Tomato season is upon us and after choosing the right tomatoes to grow, they need to be planted! Many of us don't have a large garden space to plant tomatoes into directly. Even if we do, some of us prefer pots on the patio, front porch, or balcony, and tomatoes are quite happy in the right container.
An added bonus: you can move your containers to follow the sun, which is so important here in the Pacific Northwest. The more sun tomatoes get, the better!
For this project, we chose a Brandywine heirloom tomato to plant into a container, but the steps also work for planting tomatoes into a garden bed.
Step 1: Choose the right container so your tomato can grow & thrive
Tomatoes need space, the more the better. Choose a container that is at least 12" deep, but even larger will help you produce healthier plants and more tomatoes. The pot above is about 14" deep.
Myth: Cherry tomato plants need less space than plants with larger tomatoes
The type of tomato the plant produces (cherry, plum, heirloom, etc.) does not affect how much space it needs. Sungold, one of our favorite cherry tomatoes, is a monster that grows rapidly. If you only have room for a smaller pot, choose a variety of tomato bred specifically to remain small, such as a "patio" or "basket" variety.
Step 2: Trim off the lower leaves of your tomato
The deeper you plant a tomato, the stronger the root system will develop. We recommend snipping off the branches of the lower third of the tomato, always leaving at least 3-4 top branches intact.
Myth: Tomatoes never need to be pruned
Pruning your tomato increases air circulation, which can help keep disease away. Throughout the season, trim any shoots that sprout on the diagonal from between the main stem and a branch (see photo above, right). This will help the plant put its energy into producing fewer, but stronger branches for fruit production.
You can also prune off any blossoms that remain in late summer when you know there isn't time for them to become ripe tomatoes before the end of the season. This can be hard to do (remove potential tomatoes??) but it will help the tomatoes that already exist grow and ripen.
Step 3: Prep your container
Fill your pot partway with potting soil so that when the tomato is placed in the pot, the lowest branch is about 1" above the rim. Next, mix in some high-quality organic fertilizer into the soil. Always read the package directions to see how much fertilizer to use. We used E.B. Stone Organics "Edna's Best" Potting Soil and Dr. Earth "Home Grown" Tomato Vegetable and Herb Fertilizer for this project.
Myth: I can fill my pots with soil from the garden or with compost
Never use garden soil to fill a container. Potting soil is specially formulated to enhance root development and provide excellent drainage without becoming compacted. Compost is also not well-suited for container gardening because it is too rich and can burn plant roots. Learn more about soils and amendments here.
Step 4: Prepare your tomato for planting
Lightly squeeze the pot to loosen the plant and then carefully remove it from the pot. As you can see in the bottom left photo, the roots of this tomato plant have begun to circle around the bottom of the pot. Gently massage the roots to detangle them and remove any lower portions that are coiled and thick.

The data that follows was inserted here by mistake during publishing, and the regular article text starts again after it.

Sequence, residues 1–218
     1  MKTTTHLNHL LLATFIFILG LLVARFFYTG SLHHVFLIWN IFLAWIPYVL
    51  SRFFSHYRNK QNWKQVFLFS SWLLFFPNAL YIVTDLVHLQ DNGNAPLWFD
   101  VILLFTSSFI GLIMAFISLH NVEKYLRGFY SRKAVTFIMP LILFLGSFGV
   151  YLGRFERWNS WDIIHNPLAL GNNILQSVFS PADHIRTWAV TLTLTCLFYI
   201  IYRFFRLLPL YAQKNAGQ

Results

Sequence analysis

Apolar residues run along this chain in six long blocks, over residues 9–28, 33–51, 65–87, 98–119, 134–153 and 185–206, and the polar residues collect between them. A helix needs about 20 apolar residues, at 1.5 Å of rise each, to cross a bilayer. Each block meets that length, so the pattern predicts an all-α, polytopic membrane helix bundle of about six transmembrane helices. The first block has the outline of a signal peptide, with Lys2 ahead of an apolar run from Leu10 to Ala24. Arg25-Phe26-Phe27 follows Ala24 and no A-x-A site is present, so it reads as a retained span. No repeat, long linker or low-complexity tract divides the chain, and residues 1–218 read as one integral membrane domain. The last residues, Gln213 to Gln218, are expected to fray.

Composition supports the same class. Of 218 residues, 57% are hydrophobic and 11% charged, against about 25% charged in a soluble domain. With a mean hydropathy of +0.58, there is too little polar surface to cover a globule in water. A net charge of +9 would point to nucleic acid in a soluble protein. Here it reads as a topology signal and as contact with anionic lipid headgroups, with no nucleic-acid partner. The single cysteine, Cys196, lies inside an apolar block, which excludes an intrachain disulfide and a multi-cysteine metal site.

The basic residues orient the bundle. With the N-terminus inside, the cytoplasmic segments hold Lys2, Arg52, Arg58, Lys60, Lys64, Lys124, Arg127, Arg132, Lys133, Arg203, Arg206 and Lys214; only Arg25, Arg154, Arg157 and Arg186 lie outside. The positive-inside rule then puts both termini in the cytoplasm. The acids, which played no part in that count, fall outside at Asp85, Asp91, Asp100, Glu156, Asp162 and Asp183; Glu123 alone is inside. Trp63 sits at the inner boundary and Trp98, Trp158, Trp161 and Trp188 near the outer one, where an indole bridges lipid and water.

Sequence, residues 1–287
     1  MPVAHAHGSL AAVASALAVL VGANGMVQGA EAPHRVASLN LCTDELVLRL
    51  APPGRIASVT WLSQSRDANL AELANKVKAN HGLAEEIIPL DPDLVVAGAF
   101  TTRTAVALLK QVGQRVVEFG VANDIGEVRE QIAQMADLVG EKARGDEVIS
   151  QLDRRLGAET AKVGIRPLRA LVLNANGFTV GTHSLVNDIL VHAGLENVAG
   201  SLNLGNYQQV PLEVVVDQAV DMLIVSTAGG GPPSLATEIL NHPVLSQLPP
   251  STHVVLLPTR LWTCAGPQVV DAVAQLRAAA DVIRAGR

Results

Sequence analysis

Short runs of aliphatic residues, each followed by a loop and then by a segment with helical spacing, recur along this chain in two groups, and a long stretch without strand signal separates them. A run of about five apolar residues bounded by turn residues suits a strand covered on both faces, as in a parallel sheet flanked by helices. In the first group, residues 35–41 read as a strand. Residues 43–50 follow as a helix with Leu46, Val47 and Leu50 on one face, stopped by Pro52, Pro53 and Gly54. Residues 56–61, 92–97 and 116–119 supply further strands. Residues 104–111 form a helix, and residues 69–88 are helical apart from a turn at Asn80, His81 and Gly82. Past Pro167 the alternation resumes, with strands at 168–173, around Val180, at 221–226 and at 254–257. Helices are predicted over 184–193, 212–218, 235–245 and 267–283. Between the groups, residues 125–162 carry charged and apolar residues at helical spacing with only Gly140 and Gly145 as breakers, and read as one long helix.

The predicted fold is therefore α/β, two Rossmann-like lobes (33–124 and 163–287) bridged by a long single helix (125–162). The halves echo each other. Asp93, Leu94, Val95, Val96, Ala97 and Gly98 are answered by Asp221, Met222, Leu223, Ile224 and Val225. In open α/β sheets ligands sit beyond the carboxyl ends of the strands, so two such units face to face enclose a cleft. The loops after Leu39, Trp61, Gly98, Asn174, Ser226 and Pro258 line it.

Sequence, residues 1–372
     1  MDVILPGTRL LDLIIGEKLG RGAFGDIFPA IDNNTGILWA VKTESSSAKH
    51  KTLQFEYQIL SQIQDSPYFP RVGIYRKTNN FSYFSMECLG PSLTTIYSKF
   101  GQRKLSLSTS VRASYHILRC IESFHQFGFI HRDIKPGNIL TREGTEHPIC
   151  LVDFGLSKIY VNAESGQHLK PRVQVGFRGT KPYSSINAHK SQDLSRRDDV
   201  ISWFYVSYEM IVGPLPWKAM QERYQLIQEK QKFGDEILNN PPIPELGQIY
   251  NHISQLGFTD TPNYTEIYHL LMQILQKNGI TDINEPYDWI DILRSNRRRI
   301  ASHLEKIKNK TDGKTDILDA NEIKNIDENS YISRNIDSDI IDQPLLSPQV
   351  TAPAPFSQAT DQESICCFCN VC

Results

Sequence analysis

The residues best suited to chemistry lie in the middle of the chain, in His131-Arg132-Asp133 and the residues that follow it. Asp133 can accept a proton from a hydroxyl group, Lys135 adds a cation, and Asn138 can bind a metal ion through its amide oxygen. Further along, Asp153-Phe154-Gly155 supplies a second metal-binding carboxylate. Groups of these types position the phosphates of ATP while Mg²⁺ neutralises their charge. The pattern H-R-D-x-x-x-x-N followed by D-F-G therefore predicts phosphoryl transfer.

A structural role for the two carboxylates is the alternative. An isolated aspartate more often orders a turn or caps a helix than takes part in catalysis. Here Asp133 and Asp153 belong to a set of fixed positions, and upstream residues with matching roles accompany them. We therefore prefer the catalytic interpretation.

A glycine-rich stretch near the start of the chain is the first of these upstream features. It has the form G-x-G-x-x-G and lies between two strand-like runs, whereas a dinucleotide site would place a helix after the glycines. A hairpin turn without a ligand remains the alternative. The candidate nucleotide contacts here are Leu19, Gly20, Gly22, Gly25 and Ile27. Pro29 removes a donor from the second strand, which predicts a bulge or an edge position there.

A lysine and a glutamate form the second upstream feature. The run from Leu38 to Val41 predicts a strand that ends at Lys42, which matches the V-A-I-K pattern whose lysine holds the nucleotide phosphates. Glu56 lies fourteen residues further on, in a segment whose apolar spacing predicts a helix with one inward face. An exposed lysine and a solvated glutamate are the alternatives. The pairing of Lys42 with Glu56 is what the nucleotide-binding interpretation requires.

Step 5: Plant & water your tomato
Carefully place your tomato in the pot, holding onto the root ball and stem rather than just the stem. Hold the stem straight as you add soil. When you have filled the pot, gently pat down the soil.
After planting, be sure to water your tomato well. Throughout the life of the tomato, water thoroughly (until water begins to run out of the bottom of the pot), waiting until the top 1"-2" have dried out before watering again.
Tomato plants like a consistent, regular watering schedule, which can also help keep tomatoes from splitting while ripening. When watering, try to avoid getting water on the leaves!
Step 6: Support and protect your tomato
While tomatoes are more cold-hardy than squash and peppers, their health can be severely damaged by the cold nights (and sometimes days!) of a Pacific Northwest spring. With protection, you can plant your tomatoes earlier in the spring, giving them the extra time they need to mature and produce fruit in our short Northwest summers.
We recommend protecting your tomato with a Season Starter, a blue plastic "tent" of sorts. Fill the tubes of the Season Starter with water, which warms during the day and insulates the plant at night. Once the weather warms and nights stay in the mid-50's, gently roll down the starter, releasing the water. It can stay rolled up at the base of the tomato plant all season.
Myth: Tomatoes don't need any support
A tomato plant needs support as it grows and especially when its branches are carrying loads of heavy tomatoes! A sturdy cage will protect the branches and keep them from breaking. It's best to put the cage over the tomato plant when it is young. Otherwise, you risk damaging the leaves and branches. Slide the cage into the soil and inside the Season Starter.
Voilà! You now have happy tomatoes ready to provide you with a bumper crop of delicious home-grown tomatoes!
Not sure which tomatoes to grow? See our decision-making infographic and check out our Tomato Variety List for 2017.
Need some personalized advice? Post your questions on Twitter, Instagram or Facebook with hashtag #heyswansons!